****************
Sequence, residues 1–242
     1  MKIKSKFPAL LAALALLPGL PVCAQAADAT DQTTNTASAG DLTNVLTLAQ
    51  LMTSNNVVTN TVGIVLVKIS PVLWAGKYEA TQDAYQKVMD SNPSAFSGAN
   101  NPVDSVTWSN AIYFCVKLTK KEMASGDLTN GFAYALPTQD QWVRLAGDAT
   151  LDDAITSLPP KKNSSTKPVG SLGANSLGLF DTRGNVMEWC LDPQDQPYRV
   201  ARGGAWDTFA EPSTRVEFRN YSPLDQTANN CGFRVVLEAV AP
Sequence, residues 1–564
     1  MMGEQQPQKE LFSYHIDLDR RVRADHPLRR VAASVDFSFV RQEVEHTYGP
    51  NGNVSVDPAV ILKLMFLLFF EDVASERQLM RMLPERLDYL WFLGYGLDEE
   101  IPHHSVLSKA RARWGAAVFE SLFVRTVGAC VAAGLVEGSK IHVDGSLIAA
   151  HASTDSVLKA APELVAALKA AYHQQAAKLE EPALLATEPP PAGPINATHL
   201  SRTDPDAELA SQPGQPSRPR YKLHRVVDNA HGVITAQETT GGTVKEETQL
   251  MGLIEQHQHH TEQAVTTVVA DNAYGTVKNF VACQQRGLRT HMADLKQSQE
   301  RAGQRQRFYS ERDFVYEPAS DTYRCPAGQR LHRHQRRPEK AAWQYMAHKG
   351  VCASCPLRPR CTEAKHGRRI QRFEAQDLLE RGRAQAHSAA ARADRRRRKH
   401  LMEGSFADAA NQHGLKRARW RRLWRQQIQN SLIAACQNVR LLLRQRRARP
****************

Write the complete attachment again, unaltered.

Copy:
Sequence, residues 1–242
     1  MKIKSKFPAL LAALALLPGL PVCAQAADAT DQTTNTASAG DLTNVLTLAQ
    51  LMTSNNVVTN TVGIVLVKIS PVLWAGKYEA TQDAYQKVMD SNPSAFSGAN
   101  NPVDSVTWSN AIYFCVKLTK KEMASGDLTN GFAYALPTQD QWVRLAGDAT
   151  LDDAITSLPP KKNSSTKPVG SLGANSLGLF DTRGNVMEWC LDPQDQPYRV
   201  ARGGAWDTFA EPSTRVEFRN YSPLDQTANN CGFRVVLEAV AP
Sequence, residues 1–564
     1  MMGEQQPQKE LFSYHIDLDR RVRADHPLRR VAASVDFSFV RQEVEHTYGP
    51  NGNVSVDPAV ILKLMFLLFF EDVASERQLM RMLPERLDYL WFLGYGLDEE
   101  IPHHSVLSKA RARWGAAVFE SLFVRTVGAC VAAGLVEGSK IHVDGSLIAA
   151  HASTDSVLKA APELVAALKA AYHQQAAKLE EPALLATEPP PAGPINATHL
   201  SRTDPDAELA SQPGQPSRPR YKLHRVVDNA HGVITAQETT GGTVKEETQL
   251  MGLIEQHQHH TEQAVTTVVA DNAYGTVKNF VACQQRGLRT HMADLKQSQE
   301  RAGQRQRFYS ERDFVYEPAS DTYRCPAGQR LHRHQRRPEK AAWQYMAHKG
   351  VCASCPLRPR CTEAKHGRRI QRFEAQDLLE RGRAQAHSAA ARADRRRRKH
   401  LMEGSFADAA NQHGLKRARW RRLWRQQIQN SLIAACQNVR LLLRQRRARP